Thanks to HarperCollins for providing a copy of this book for review via NetGalley.

14 thoughts on “Fools and Mortals by Bernard Cornwell

  1. cirtnecce says:

    Oh! The Stonehenge book by Bernard Cornwell! I too gave up on it and since then have not had the courage to attempt another one! But your review is interesting and I may think of trying one of his books sooner than I initially thought!

    • Helen says:

      I’m glad I’m not the only one who struggled with the Stonehenge book! I did enjoy this one, though, so I’m pleased I decided to give Cornwell another try.

  2. FictionFan says:

    I felt very much the same about this one. I enjoyed it a lot but did tire of the Midsummer Night’s Dream stuff by the end. However it left me wanting to rewatch it, which is pretty remarkable since it’s one of my least favourite Shakespeare plays. I wondered if he chose Richard intentionally because almost nothing is known about him apparently, so Cornwell could do what he liked with him. Also didn’t the acting brother die very young? Which might make a series about him tricky.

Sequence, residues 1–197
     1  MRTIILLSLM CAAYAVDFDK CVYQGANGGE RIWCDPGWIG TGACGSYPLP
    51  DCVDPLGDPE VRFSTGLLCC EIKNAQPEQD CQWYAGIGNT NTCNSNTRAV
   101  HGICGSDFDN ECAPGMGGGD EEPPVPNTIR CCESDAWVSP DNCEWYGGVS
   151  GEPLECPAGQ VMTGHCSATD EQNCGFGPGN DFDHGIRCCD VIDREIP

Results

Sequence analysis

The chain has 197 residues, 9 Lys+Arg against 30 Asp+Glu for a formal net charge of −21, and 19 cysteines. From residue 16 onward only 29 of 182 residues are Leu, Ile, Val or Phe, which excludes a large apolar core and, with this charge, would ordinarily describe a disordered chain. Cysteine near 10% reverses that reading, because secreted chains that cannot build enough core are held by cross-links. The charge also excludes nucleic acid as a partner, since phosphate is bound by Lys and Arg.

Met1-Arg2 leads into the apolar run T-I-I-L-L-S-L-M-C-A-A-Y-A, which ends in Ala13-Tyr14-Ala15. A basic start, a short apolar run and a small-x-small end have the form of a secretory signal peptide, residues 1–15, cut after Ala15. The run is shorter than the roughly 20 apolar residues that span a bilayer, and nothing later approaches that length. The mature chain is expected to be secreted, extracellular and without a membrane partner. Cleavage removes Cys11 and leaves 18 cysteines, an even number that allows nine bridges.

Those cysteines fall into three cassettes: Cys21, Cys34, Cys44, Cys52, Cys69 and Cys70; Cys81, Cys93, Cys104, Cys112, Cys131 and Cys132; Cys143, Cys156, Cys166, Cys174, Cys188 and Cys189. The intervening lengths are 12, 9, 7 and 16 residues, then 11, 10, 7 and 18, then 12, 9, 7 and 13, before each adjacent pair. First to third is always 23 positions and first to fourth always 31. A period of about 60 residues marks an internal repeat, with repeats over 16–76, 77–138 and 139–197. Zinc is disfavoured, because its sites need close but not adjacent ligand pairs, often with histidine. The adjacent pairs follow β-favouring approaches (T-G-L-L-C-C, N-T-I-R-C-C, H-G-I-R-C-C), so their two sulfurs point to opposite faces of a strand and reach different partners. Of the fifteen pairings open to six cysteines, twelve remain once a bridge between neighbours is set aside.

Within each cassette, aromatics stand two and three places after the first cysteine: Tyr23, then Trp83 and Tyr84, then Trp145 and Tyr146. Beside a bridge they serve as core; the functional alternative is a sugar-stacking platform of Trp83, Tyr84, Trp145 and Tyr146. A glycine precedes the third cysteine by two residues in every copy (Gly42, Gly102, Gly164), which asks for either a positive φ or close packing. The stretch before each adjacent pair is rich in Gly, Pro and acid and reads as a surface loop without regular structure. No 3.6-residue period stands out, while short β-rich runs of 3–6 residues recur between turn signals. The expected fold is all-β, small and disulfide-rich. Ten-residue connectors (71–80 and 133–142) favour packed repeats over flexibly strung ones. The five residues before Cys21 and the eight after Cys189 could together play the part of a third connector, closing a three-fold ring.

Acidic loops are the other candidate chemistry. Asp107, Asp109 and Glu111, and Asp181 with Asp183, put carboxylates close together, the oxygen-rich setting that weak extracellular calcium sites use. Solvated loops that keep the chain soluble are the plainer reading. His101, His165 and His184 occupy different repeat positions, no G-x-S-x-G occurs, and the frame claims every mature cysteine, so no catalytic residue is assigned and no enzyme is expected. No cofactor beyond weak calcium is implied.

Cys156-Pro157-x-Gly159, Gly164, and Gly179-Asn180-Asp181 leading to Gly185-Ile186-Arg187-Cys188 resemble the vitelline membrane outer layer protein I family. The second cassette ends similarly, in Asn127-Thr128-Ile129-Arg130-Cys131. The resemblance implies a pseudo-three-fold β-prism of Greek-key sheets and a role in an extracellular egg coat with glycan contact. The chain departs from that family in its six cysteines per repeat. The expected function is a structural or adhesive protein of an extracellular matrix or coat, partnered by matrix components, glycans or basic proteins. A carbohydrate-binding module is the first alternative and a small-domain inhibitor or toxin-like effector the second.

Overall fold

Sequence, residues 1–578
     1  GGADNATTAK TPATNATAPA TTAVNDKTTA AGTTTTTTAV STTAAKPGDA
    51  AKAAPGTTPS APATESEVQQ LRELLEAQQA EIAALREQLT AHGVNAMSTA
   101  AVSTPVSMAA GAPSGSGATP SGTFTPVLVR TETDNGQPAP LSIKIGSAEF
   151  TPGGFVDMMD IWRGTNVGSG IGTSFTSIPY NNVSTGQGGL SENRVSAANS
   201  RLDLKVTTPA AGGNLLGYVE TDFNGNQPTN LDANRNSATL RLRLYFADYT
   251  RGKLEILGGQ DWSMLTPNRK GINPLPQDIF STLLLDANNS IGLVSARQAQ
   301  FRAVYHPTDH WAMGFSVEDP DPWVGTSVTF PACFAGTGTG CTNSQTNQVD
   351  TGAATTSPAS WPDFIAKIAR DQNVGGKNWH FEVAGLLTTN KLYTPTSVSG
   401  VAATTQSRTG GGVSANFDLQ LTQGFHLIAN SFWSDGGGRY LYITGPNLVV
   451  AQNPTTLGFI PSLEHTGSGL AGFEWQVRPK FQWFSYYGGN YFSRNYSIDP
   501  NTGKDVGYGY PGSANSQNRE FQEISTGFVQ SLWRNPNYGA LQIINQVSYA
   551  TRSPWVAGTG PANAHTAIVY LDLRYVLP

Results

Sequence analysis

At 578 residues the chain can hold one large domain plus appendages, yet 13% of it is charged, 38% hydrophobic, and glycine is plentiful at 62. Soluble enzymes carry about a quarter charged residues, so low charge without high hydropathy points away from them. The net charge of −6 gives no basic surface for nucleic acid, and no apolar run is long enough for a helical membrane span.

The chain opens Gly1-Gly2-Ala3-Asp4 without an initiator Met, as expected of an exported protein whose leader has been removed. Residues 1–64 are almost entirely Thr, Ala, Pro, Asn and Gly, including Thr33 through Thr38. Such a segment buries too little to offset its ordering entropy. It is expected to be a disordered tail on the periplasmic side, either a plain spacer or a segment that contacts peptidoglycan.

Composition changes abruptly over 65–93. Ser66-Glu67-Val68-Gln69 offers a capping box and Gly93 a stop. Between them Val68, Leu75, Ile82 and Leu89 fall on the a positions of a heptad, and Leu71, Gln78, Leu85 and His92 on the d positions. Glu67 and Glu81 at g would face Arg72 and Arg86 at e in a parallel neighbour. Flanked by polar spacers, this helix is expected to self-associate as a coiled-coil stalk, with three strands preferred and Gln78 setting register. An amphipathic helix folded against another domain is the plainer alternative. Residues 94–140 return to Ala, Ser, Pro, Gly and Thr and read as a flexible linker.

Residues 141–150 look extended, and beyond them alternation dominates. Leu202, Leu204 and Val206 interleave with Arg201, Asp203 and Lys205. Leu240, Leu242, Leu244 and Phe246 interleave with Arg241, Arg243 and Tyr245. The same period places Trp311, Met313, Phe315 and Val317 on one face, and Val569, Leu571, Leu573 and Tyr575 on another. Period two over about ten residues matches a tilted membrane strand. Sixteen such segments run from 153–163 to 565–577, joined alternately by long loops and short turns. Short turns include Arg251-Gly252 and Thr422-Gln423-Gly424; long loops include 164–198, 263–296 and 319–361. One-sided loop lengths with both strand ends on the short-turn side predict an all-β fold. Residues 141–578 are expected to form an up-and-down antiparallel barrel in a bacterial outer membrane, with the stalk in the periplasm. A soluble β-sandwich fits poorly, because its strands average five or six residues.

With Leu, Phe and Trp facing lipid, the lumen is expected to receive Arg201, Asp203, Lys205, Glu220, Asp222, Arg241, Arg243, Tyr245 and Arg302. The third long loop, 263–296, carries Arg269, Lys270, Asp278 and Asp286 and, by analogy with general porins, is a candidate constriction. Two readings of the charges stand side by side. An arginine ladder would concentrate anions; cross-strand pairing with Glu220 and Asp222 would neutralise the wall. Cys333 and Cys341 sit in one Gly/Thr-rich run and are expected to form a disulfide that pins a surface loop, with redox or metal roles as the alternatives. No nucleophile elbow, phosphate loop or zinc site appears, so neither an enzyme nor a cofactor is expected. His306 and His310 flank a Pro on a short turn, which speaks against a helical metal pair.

I enjoyed The Last Kingdom too, though there’s definitely a lot of battling and gore in it. But it also feels well researched and has quite a lot of humour in it.

    • Helen says:

      Yes, I’m sure that’s probably the reason – it gave him the freedom to create an entirely fictitious storyline for Richard. I’m pleased you enjoyed The Last Kingdom; I’ve been in two minds about reading it but I think I’ll probably give it a chance!

    • Helen says:

      I knew it should have been Edmund rather than Richard from other books I’ve read about Shakepeare, but I didn’t notice any other inaccuracies. I don’t have your knowledge of the subject, though, so you would probably spot a lot of things that I didn’t!

  3. piningforthewest says:

    I haven’t read any of his books yet, but after reading a good review of this one I requested it at the library, I’m 20th in the queue for it!